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Groovy Unobtainium?

Discussion in 'Tape' started by Akai66, May 15, 2018.

  1. Akai66

    Akai66 New Member

    Messages:
    17
    When I first dived into restoring my Akai X-355 reel-to-reel I first read A LOT about the deck and the joys of resurrecting vintage audio equipment. Sadly, I had not done as much homework as I should have. I found out how difficult it can be to replace some of the components in a 50-year-old machine.

    I will jump into my first forum query by asking if anyone can answer this question: Has anyone tackled the re-capping of the X-355 "oscillator card"?

    This card would seem to exhibit engineering protocols that went out with the last Ice Age.

    The card contains three caps. Three odd-balls, I think.........

    100uf 6V electrolytic--+/-1% tolerance (!)

    .068uf 400V "plastic condenser"--perhaps a polystyrene cap?? +/-1% tolerance

    .01uf 400 "oil condenser" +/-1% tolerance

    I have a second X-355 machine that I keep for parts. I made a rookie mistake by replacing the oscillator card caps in the first machine with what I thought were OK replacements. Wrong. W-R-O-N-G.

    When I belatedly obtained the machine's service manual I quickly discovered how badly I had missed the mark.

    I have located some .068uf 400V 1% tolerance caps of the "oil and paper" type. Old, but in-spec. However, I question their stability compared to a plastic film cap.

    The 'lytic I have no idea how to replace.

    The .01 uf 400V "oil consenser" might be replaced by a second .068uf 400V +/-1%??

    Being that this is an oscillator unit we are talking about, I am hesitant to wander off of the original Akai design. Am I being too particular??

    CALLING ALL KHARMICS!!
     
    Last edited: May 15, 2018

     

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  2. audiojones

    audiojones Jonesin' for audio Subscriber

    Messages:
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    For the 100uf I’d just use a general purpose electrolytic rated at 25 volts, the other two I’d use film caps rated at the approppriate voltage. If the oscillator isn’t working I’d be more concerned about the two germanium PNP transistors on that board. It’s getting harder to find appropriate Ge’s these days, used to be common as dirt.
     
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  3. Akai66

    Akai66 New Member

    Messages:
    17
    Thanks for the response! Right off the bat, cool avatar! Picasso--The Musicians. A favorite of mine.

    The lytic is a 1% tolerance cap. That tolerance concerns me as I can't imagine finding a film cap rated at 100uf. Film would be my first guess if I ever hope to get close to the tolerance of the old lytic. Yeah, I'm stubborn! :crazy:

    I don't know about the oscillator card yet; I haven't fired it up. I really want to try to hit the mark the first time in re-capping the oscillator card assembly. Those 1% Akai tolerances on all of the caps is a red flag to me.

    Question: How stable would a 1960's Japanese film cap be after 50 years?

    Thanks again for your help! :thumbsup:
     
  4. audiojones

    audiojones Jonesin' for audio Subscriber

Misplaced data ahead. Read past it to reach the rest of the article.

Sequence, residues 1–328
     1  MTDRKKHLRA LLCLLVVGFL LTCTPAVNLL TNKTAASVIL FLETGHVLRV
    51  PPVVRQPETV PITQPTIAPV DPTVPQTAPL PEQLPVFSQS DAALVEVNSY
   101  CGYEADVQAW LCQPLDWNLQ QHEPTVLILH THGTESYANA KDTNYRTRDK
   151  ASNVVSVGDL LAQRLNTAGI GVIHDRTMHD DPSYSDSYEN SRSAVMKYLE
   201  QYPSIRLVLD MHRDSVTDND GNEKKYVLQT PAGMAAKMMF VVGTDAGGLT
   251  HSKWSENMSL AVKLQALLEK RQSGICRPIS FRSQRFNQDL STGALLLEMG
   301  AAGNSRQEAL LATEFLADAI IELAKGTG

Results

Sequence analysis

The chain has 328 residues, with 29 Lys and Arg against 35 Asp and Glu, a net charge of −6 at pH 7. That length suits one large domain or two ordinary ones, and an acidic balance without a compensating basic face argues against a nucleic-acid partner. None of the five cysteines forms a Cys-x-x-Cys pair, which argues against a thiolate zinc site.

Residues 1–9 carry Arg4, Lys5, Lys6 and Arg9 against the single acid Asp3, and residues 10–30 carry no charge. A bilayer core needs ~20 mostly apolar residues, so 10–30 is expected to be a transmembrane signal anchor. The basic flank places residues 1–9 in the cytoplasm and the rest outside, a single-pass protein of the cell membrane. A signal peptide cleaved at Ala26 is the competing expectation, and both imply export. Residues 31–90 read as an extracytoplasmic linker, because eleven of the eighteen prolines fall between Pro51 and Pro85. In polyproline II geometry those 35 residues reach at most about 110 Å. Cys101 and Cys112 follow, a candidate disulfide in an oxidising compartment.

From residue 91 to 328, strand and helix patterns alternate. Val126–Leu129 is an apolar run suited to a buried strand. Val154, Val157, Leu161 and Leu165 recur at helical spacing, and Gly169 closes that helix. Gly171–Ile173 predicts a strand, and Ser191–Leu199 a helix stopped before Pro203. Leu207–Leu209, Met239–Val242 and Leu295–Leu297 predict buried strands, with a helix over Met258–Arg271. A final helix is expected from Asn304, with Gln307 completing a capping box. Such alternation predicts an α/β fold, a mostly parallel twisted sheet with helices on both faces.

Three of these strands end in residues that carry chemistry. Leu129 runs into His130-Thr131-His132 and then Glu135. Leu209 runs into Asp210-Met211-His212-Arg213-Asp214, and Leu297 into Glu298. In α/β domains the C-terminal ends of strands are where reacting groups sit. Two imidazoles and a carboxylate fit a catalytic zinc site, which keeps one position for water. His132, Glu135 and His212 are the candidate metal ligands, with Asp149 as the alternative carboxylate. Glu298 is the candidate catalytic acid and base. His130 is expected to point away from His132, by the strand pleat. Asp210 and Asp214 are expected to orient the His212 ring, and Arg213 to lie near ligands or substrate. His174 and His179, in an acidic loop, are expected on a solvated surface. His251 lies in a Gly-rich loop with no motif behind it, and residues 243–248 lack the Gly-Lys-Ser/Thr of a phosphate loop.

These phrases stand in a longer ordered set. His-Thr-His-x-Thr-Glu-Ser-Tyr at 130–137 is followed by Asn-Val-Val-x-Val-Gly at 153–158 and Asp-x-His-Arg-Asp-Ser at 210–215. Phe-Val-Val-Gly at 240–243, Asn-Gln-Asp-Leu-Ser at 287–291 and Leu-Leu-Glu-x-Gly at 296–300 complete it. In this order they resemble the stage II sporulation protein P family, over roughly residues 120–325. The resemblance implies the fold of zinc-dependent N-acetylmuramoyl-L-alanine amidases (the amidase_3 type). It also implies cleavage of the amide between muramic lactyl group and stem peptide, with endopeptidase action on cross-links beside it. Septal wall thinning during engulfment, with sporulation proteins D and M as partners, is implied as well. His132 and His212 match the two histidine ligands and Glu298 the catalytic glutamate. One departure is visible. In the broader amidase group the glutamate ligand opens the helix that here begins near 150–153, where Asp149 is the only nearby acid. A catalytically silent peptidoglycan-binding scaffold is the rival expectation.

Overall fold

Messages:
    7,056
    Location:
    Central NJ
    Personally I wouldn’t get too hung up on it, I’d just replace it with a 100uf 25 volt 5% ‘lytic and be done with it. Modern electrolytic caps are going to be much closer to their values than anything Akai was using back in the early and mid 60’s regardless of what the tolerance claims to be. Replace films with films if necessary (though they are usually pretty stable) and small value ‘lytics up to 1uf with film if you want to (though not really necessary in a machine like this). Larger value ‘lytics just get changed out with ones of the same value and slightly higher (but not too much higher) voltages.
     
    Last edited: May 16, 2018
  5. Akai66

    Akai66 New Member

    Messages:
    17
    Check! Thanks AJones. More research has revealed that I probably shouldn't have touched the oscillator card. I was told that the caps on the card are very likely "proprietary" in nature. For those not familiar with the term: They could have been manufactured by Placon (.068uf 400V non-polar) and Nichicon (the other two) expressly for Akai--and possibly others. Even if I got the "plastic" (I found out it is actually polyester film) cap and the other two right as per spec the card probably still wouldn't work right. I am going to use the intact card from the second machine and give that a whirl. I have been flatly told that the oil cap and polyester film cap are still, very likely, fine.

    I will take your comment about 60's versus modern lytics under advisement. I will keep it in mind and swap out the lytic.

    Why not use a 6.3V rather than the 25V you suggested? I suspect there may be a particular reason.:idea:

    You mentioned not to go too much higher than original cap voltage throughout the machine. What is the safety margin, generally speaking? I understand that, in the audio path at least, going too high can cause problems even though the capacitance rating is right on.

    Question: The amplifier uses BIG 1000uf 25V axial lytics. Modern versions are nowhere near as big. Will having longer, exposed leads (to make up for the lost cap size) present interference problems? -----If so.................

    Question #2: Should I shield the leads somehow?

    Question #3: What is best to use as shielding in this application?



    Thanks again for your input!
     
  6. Akai66

    Akai66 New Member

    Messages:
    17
    The clouds opened up....What I thought was an "F" rating for the oscillator card caps is actually Akai's seemingly screwy way of indicating "Farad"! So the card's caps are identified just like this: Plastic Condenser .068u F 400V Oil Condenser .01u F 400V .

    At other places in the service manual parts list (Power Block, Relay Block) no "F" is used at all. Neither is "mu-f". Hmmmm. Cap ratings, when used, are placed after the indicated voltage ratings. The only caps with ratings other than the apparently presumed 20% are mylars.